David Meyer Stein, 92, passed away Wednesday, March 6, 2013, at the VA Hospital in Tucson, Ariz., after a lengthy illness. He was born Aug. 4, 1920, in North Wales, Pa., to Samuel and Rebecca Stein.
He was preceded in death by his wife of 57 years Dorothy Stidham Stein, and their son Daniel Nathan Stein. Also preceding him in death were his parents; his brothers, Heimert and Abraham Stein; and his sister Rachel Stein Lipman.
He is survived by his brother Harry Stein (Rose), of Boynton Beach, Fla.; his three daughters, Rebecca Stein Lockenbach (Richard), of Tallahassee, Fla.; Lt. Col. (ret.) Vicki Stein, of Washington D.C., and Susan Stein Shofner (Steven), of Las Vegas; Nev.; three sons, Michael Stein, of Roswell, Murray Stein (Pati), of Tucson, and Brian Stein (D’An), of Tucson; grandchildren, Staff Sgt. Rachel Stein Sine (Michael), of Kirkland AFB, Albuquerque, Risa Lockenbach Epstein (Brad), of Atlanta, Stephanie Shofner, of Las [auth] Vegas, Whitney Shofner Michalskey (Daniel), of Las Vegas, and Daniel Micah Lockenbach, of Tallahassee; a great-granddaughter Jade Bryan, of Albuquerque; and several nephews, nieces, and grandnephews and grandnieces.
He will be laid to rest in a graveside service at South Park Cemetery on Monday, March 11, 2013, at 2 p.m.
David attended business school in Charleston, W.Va., prior to enlisting in the Army in 1939. He reached the rank of technical sergeant and applied for Officer Candidate School and flight training. After graduating from the Aviation Cadet Program at San Marcos Army Air Force Base, he was commissioned a second lieutenant in the Army Air Corps. He flew 41 combat missions in B-17s before he was shot down over Memingen, Germany, on July 18, 1944. He was interned for the last year of the war as a POW in Stalag Luft 1. He had many assignments after the war, including a tour of duty in Army Counter Intelligence. After graduating from the first U.S. Air Force class of triple-rated flying officers in at Mather Air Force Base in 1948, he was transferred to the 509th Bomb Group at Walker Air Force Base as an operations officer. At the time, Roswell was the home of the only Atomic Bomb Unit and was the primary unit for the fledgling Strategic Air Command. David was transferred to England in 1952 as the Air Force attaché for the London Embassy. At the request of Col. W.K. Martin, commander of the 6th Bomb Wing, he was recalled to participate in the organization of the reactivated unit with the new B-36 intercontinental bomber. He retired as a major in the Air Force in 1959, after receiving training in the B-52 and the B-58 Hustler supersonic bomber. He was a rated senior pilot and senior navigator, with more than 10,000 flying hours in various aircraft. He was awarded the following decorations in combat: Purple Heart with 1 oak leaf cluster, Air Medal with 4 oak leaf clusters, Army Commendation Medal, European-African, Middle Eastern Campaign Medal with 4 battle stars, WWII Victory Medal, American Campaign Medal, National Defense Service Medal, Distinguished Unit Citation with two oak leaf clusters and the Prisoner of War Medal. He went on to work with General Dynamics as a lead engineer on the Atlas Missile program. He later worked as an engineer for Boeing on various projects, including the Saturn V project, which was the launch vehicle for the Apollo Space Program.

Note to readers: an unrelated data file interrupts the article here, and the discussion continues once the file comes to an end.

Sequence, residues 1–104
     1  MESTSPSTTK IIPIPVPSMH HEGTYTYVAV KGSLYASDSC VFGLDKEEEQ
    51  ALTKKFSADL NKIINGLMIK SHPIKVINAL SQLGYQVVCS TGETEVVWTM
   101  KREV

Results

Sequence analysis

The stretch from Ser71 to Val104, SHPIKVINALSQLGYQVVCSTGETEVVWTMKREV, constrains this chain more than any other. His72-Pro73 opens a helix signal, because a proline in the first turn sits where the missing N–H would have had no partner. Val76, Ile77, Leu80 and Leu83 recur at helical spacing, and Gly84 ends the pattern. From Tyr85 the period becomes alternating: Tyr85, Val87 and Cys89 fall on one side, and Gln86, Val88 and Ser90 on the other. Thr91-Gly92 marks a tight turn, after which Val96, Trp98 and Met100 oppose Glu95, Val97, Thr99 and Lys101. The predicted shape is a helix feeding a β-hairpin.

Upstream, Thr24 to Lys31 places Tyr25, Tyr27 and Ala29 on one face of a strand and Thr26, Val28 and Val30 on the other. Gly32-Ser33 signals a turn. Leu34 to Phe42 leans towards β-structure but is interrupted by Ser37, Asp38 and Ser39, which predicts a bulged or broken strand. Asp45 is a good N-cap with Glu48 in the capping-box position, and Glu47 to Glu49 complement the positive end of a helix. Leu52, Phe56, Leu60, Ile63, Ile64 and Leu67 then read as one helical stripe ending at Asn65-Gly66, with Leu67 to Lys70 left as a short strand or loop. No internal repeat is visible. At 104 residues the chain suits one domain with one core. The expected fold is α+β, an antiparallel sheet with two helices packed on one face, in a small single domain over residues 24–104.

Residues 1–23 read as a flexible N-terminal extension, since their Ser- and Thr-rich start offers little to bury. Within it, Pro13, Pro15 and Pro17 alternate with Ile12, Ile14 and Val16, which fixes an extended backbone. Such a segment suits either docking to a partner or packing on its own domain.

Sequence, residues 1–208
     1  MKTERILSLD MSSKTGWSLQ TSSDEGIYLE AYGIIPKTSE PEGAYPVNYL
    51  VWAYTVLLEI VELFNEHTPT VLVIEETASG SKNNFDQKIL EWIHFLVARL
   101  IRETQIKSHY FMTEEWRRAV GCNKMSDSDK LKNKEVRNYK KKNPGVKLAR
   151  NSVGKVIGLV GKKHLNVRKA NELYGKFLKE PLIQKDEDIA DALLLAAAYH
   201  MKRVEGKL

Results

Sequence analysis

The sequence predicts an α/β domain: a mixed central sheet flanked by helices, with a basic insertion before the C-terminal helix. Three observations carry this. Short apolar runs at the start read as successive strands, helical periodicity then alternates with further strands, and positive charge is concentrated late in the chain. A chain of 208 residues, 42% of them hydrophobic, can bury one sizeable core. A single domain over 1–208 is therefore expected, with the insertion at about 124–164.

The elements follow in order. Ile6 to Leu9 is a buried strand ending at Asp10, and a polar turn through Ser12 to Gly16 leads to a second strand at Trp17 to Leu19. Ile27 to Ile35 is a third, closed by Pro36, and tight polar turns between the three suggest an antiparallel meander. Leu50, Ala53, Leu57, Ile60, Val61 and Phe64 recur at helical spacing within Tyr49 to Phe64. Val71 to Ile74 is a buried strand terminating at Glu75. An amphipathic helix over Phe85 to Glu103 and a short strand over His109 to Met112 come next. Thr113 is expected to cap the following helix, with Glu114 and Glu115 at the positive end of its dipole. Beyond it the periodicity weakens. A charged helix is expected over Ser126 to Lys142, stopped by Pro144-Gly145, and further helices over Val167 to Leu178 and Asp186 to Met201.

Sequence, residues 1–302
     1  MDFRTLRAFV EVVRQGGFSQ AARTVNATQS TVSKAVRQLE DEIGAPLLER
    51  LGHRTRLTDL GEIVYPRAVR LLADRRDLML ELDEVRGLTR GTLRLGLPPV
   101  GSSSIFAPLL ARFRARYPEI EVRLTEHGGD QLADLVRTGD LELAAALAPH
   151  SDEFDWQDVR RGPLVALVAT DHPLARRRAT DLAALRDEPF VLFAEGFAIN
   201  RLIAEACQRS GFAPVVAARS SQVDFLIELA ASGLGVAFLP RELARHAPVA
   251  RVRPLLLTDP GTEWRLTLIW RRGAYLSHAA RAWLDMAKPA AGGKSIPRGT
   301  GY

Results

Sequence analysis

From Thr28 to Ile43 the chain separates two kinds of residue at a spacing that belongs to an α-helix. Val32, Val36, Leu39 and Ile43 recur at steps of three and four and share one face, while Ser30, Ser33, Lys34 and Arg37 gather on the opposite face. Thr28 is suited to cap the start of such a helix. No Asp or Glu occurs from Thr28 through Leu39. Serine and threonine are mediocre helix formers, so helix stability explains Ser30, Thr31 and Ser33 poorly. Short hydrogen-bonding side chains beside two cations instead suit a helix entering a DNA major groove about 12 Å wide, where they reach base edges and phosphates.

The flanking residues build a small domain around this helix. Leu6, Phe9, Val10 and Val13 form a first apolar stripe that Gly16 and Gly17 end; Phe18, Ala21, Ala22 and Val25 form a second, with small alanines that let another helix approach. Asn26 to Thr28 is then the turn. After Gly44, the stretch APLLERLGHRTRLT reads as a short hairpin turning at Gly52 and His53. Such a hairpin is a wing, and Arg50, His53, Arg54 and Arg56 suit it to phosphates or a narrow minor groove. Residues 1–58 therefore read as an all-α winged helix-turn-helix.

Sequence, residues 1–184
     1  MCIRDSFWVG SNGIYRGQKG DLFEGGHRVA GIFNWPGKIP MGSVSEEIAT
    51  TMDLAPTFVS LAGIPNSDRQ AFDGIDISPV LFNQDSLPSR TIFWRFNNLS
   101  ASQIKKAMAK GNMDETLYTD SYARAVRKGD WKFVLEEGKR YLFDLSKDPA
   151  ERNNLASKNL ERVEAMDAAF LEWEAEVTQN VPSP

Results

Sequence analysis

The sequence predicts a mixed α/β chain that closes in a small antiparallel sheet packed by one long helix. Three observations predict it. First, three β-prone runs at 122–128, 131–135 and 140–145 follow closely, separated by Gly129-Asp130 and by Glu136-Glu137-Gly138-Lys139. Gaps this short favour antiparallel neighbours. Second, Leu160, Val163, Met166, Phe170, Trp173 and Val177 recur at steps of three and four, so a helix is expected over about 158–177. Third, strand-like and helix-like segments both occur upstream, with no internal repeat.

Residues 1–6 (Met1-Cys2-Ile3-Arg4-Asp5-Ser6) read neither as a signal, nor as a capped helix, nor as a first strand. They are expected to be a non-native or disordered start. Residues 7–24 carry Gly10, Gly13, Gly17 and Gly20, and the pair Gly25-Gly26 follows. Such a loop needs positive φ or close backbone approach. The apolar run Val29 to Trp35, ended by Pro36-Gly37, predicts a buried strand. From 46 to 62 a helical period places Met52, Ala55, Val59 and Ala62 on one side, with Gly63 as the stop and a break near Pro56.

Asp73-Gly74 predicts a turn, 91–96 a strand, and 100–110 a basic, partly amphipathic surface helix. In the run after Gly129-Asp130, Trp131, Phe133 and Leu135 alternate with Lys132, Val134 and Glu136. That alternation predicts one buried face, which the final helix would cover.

Roswell was his home for more than 50 years, where he raised his family, participated in the Jewish community, served in various leadership roles at Temple B’Nai Israel and on the Roswell Ministerial Association, and was an active member and officer in both the Veterans of Foreign Wars and the International Organization of Foresters.
Condolences may be offered online at lagronefuneralchapels.com.
Arrangements have been entrusted to the professionals at LaGrone Funeral Chapel.